Having spent the initial part of the year indulging in the bountiful releases that have sprung forth from the stoner scene, even the process of moving house was comparatively relaxed and the effect on my mental health was quite profound. But just like the instinct that makes David Lynch peel back the dark layers of the American Dream and kids pull the wings off flies, lately, I have felt the urge to listen to something full of explosive anger and unrepentant brutality.
Seemingly the stars aligned to bring me Iconoclast, the third album by intense, heavyweight progressive Swiss post-metal band Herod.
Not to be confused with the American metalcore act of the same name, the band and brainchild of guitarist Pierre Carroz debuted their They Were None release in 2014 and went from strength to strength as they replaced the departing original singer David Glassey with vocalist and guitarist Mike Pilat for their follow up album Sombre Dessein in 2019.
Having built on the influences of late ‘90s Meshuggah, early Dillinger Escape Plan and fellow Scandinavian hardcore-flavoured luminaries Cult Of Luna, the quartet have sought to combine the progressive scope of expansive soundscapes and the jackhammer brutality of righteous sonic battering.
Iconoclast is no knuckle-dragging beatdown however and the press release surrounding Herod’s latest assault comes littered with references to Kafka, Hans Zimmer, Jackson Pollock and an exploration of the definition of the title itself with Carroz opining that ‘today it signifies the aggression towards the rule; a political, social and liberating act.’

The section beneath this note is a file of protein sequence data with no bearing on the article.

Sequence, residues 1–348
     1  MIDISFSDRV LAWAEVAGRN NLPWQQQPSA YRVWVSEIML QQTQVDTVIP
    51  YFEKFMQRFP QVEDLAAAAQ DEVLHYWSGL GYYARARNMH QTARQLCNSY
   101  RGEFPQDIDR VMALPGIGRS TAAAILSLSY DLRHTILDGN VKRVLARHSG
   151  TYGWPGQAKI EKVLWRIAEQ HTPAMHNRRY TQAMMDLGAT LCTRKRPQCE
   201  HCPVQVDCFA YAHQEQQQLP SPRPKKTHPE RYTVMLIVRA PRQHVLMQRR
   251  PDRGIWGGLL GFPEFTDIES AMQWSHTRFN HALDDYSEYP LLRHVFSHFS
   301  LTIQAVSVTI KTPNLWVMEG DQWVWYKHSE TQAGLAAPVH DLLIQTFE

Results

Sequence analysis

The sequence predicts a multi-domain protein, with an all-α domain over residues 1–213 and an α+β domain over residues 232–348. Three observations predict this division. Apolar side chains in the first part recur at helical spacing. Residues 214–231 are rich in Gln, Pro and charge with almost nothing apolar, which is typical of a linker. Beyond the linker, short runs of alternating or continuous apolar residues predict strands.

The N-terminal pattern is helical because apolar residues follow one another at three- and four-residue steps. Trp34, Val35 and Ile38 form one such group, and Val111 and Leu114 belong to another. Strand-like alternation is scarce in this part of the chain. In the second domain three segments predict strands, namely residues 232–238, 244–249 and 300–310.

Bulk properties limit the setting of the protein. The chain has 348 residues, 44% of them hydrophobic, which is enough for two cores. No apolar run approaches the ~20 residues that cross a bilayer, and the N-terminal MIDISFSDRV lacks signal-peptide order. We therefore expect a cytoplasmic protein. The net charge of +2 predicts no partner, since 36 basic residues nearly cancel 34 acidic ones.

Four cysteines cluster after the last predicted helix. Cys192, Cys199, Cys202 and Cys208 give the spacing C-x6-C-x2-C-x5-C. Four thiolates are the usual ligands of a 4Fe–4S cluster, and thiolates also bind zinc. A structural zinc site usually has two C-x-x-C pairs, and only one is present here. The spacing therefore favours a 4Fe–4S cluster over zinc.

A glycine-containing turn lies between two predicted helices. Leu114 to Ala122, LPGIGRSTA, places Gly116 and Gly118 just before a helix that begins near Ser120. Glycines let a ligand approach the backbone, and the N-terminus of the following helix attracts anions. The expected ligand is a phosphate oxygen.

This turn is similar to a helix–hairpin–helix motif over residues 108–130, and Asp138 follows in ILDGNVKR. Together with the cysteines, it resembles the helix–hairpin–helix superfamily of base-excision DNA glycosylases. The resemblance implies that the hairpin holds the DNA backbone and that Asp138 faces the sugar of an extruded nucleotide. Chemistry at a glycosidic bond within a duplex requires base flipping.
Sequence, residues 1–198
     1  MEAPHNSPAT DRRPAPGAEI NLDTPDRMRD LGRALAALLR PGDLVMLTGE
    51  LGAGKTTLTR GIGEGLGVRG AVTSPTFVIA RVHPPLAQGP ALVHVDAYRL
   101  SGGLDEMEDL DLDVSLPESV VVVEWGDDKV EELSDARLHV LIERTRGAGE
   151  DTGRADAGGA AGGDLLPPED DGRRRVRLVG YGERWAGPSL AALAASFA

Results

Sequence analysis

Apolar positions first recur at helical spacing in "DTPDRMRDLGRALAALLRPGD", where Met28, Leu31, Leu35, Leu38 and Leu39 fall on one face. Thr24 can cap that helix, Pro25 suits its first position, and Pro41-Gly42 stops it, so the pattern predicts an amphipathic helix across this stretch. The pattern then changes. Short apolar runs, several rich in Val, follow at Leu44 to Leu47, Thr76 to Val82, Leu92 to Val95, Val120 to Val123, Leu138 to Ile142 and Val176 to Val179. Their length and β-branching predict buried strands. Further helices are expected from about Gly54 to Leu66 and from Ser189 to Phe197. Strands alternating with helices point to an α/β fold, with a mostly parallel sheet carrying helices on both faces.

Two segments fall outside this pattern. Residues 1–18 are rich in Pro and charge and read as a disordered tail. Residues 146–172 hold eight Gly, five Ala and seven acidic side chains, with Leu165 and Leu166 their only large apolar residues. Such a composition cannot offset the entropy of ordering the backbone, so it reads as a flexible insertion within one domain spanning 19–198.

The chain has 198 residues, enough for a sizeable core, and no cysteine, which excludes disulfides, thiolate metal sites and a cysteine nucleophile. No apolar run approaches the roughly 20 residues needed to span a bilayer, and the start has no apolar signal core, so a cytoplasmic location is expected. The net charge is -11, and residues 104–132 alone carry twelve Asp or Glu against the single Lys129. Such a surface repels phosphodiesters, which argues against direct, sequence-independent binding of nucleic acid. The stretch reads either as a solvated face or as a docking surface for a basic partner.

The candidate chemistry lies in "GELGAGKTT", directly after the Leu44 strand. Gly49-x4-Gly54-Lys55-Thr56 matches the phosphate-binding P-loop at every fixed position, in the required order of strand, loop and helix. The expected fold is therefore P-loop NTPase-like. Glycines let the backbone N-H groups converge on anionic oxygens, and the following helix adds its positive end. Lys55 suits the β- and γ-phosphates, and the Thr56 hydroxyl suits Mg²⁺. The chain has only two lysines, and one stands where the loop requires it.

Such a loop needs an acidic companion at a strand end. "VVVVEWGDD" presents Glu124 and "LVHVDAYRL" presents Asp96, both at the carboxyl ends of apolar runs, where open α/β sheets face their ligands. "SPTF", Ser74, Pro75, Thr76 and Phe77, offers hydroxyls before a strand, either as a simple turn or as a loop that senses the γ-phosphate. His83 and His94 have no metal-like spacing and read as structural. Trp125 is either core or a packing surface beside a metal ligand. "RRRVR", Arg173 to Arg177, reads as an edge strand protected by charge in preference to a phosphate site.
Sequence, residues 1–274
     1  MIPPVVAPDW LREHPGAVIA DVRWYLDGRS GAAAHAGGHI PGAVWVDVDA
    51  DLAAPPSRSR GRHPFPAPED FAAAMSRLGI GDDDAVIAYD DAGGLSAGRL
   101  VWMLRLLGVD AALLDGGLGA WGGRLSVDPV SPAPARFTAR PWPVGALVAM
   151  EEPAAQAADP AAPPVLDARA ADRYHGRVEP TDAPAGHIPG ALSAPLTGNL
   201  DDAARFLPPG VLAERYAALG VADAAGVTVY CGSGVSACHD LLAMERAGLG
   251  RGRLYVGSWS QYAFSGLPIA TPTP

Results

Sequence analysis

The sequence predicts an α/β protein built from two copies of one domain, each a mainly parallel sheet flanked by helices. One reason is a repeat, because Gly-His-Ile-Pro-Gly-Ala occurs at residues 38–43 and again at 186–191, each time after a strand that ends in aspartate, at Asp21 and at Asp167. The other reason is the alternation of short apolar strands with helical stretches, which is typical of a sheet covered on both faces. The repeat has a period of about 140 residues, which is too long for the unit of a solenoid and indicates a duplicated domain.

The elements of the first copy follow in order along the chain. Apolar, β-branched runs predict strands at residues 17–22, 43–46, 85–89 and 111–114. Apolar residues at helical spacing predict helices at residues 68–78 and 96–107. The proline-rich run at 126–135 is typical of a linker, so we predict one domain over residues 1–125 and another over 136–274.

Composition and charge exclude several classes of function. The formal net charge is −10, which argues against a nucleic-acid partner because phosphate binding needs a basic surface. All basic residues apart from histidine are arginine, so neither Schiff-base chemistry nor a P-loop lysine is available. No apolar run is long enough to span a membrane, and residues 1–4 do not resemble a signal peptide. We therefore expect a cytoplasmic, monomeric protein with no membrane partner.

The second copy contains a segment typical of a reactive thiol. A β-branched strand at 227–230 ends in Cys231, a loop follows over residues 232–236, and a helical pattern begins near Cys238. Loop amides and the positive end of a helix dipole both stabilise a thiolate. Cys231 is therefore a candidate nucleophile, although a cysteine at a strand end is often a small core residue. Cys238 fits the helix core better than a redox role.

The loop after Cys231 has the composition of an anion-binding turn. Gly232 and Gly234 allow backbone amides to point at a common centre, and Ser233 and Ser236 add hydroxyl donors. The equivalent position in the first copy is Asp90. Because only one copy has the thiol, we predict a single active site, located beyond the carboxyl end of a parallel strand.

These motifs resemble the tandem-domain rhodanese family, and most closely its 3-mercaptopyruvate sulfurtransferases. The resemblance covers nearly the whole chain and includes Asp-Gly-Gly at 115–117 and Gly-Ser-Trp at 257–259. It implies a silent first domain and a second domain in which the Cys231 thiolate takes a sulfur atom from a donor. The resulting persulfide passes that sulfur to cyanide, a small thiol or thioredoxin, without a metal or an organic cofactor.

These lofty ambitions thankfully never veer into over-indulgent territories and the eight tracks that make top the fifty-one-minute running time are taut and muscular affairs that bristle with power and atmosphere.
The Icon opens proceedings with a deep grinding clank, like some malevolent machine revving up its engine before exploding into life with furious syncopated drums and distorted vocals low in the mix like a newly formed demon finding voice. Part industrial, part djent-based vertigo, the down-tuned throb of the guitars set off at a pace before Pilat opens up his roaring feral snarl.
Whilst it has immediate similarities to Meshuggah, the band has more tricks up their sleeves and the crushing pace gives way to frequently changing grooves and variations; drummer Fabian Vodoz handles the transitions with lightning-fast fills and technique switches. By the time the band drop into a woozy, more melodic end to the track, the effect is no less unsettling as the vocal harmonies trade blows with the savage barking.
Named after the icon Banksy image, The Girl With A Balloon starts tentatively with a huge ringing sludge passage, slow and deliberate, the marching pace offset with guitar stabs and mournful multi-layered voice intonations before the band twist the knife and drag you into the impassioned howls.
an absolute powerhouse of a modern metal album that seeks to challenge and excite the listener in equal measure…